11 November 2020
British business capitalise on ambitious Indian business environment reform plan despite COVID, according to the latest CBI Sterling Access report, which examines trade between the UK & India.
In its second annual edition, Sterling Access 2020 Review, reveals the Indian Government has made significant strides over the last twelve months to improve their business environment at both national and state level. The reforms are part of a national challenge to jump up the World Bank’s Ease of Doing Business Index. Government reforms include passing a key labour reform bill and plans for a new digital ‘one-stop shop’ for firms applying for licences, clearances and incentives given by central government and local states.
The new report shows despite trade disruptions caused by the pandemic British firms from April to June continued to invest around £140 million in India1. Overall, trade between UK and India hit £24 billion till March 2020, up by nearly 12% in just one year. India invested in 120 projects and created 5,429 new jobs – making India now the second largest foreign investor in the UK, just after the US.
While these reforms have been significant, the report recommends several actions the Indian Government could take to go even further including adopting global standards, reducing trade barriers, and making progress on a UK-India free trade agreement.
CBI recommendations to improve the attractiveness of India’s market for British business, include:
- Reduce technical barriers to trade. Adopt international standards and certification to attract foreign investment and position itself as a global exporting hub.
- Formalise the new Joint Economic Trade Committee services working group.
- Enable growth of the Insurance market – raise the FDI limit from existing 49% to at least 74%
- All states and union territories should adopt and complete implementation of labour reforms to encourage international investment.
- Develop new Special Economic Zones to support both manufacturing and services sectors. The case for a new SEZ policy has been strengthened by the Government’s refreshed ‘make in India, for the world’ campaign.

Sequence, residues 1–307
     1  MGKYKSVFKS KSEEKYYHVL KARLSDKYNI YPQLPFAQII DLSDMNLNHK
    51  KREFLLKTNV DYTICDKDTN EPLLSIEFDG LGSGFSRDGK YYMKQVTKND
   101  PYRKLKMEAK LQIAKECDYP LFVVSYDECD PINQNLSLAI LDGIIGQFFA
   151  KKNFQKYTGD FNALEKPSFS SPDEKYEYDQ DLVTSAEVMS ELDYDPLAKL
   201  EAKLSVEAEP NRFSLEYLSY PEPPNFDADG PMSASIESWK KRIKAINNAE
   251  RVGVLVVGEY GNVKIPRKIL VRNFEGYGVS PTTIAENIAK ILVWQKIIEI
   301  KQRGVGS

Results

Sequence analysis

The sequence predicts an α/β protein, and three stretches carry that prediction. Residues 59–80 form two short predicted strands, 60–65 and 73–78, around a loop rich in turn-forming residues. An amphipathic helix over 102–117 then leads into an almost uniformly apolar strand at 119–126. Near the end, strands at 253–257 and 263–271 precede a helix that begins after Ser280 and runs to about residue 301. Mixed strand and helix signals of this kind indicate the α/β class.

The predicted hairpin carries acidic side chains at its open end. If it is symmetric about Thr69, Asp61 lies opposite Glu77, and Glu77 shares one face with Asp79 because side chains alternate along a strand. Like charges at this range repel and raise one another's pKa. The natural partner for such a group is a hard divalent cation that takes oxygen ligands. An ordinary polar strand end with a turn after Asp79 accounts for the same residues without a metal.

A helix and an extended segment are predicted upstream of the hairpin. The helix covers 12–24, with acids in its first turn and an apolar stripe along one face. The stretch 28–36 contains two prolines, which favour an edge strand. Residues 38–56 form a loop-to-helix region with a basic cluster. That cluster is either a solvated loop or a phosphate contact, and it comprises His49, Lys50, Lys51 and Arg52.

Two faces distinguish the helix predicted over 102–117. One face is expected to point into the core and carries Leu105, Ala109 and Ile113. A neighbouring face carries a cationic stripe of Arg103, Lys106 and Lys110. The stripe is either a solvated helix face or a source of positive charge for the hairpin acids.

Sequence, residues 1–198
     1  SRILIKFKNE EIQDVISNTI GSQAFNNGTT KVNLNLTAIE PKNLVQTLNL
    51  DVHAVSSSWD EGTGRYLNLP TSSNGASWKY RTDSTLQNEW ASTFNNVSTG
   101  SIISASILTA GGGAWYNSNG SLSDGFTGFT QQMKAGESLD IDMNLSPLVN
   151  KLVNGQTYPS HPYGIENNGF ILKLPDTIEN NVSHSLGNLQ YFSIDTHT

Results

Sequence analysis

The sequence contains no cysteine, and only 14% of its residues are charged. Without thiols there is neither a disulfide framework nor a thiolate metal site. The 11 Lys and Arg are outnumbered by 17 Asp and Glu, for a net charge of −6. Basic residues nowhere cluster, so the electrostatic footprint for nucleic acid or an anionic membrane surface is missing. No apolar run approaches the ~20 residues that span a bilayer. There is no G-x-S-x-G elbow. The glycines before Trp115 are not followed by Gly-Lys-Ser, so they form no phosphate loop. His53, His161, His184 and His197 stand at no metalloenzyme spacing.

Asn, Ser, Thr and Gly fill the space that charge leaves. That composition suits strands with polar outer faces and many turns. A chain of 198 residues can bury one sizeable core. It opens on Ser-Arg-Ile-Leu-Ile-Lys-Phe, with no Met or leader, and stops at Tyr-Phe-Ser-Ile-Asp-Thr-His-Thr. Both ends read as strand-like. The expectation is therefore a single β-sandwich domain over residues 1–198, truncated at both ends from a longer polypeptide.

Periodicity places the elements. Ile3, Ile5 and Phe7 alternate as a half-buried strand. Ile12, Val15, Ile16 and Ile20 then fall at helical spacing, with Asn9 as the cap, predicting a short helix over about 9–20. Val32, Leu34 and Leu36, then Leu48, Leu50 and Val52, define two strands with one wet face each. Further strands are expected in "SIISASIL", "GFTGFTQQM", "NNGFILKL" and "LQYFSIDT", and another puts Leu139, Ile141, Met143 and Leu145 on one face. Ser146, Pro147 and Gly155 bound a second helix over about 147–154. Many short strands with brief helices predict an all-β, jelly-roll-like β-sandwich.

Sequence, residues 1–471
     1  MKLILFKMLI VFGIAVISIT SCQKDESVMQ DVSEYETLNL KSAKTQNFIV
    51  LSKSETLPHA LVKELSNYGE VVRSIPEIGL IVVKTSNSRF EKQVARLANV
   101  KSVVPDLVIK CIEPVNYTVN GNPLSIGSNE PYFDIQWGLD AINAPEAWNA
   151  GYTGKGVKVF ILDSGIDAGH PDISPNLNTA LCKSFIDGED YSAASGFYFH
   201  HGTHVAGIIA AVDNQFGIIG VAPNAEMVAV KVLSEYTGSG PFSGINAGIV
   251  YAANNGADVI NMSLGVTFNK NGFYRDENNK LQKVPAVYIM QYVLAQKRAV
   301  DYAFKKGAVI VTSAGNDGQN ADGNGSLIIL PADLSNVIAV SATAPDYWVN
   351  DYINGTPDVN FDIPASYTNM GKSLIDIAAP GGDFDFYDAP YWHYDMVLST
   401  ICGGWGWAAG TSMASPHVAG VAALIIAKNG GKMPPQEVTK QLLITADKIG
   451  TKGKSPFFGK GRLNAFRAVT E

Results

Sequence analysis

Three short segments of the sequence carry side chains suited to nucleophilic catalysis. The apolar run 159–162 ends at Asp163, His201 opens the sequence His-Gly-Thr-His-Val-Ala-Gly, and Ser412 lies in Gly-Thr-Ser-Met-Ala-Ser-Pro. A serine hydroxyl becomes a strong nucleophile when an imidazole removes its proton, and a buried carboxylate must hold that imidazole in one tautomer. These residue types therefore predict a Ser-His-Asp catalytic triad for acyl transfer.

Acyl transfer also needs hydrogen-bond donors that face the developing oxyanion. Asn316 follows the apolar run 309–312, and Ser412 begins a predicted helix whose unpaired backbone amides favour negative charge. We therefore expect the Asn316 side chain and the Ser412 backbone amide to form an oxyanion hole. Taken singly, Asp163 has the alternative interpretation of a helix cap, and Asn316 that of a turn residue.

CBI President, Lord Karan Bilimoria, said:
“The Indian Government has hugely stepped up its efforts to improve the business environment this year, from accelerating the use of digital and online services in the supply chain to implementing major labour reforms.
“Building back from the economic shock of COVID-19, Prime minster Modi has made clear his ambition for India to play a bigger role in the global supply chain. In order to accomplish this further progress will need to be made, adoption of global standards, reducing technical barriers and upping the momentum on a UK-India free trade deal will be critical.
“UK-India relations have remained ironclad amidst the crisis with our top universities and businesses collaborating on a covid-19 vaccine and British firms continuing to invest around £140 million across India. As the fifth and sixth largest economies and the world’s leading democracies, UK-India trade deal is a natural fit, that has the potential to bolster our two-way trading relationship across many sectors including life sciences, IT and services.”
Adil Zaidi, Partner, Ernst & Young LLP, said:
“Shaped by the virus, a new and better world order is in the making. This will define the new economic order, relocation, and redeployment of capital across various parts of the world. The pandemic has provided a window to regulators to bring in new regulations, revisit the existing ones and also do away with some of them.
“Second annual edition of this EY-CBI report is special as it also assesses government’s response to our recommendations made last year and the on-ground impact. This year’s edition we have also tried to analyse how National Single Window and implementation of new labour codes will support the ‘Atmanirbhar Bharat Abhiyan’ and improve India’s competitiveness as a preferred investment destination.”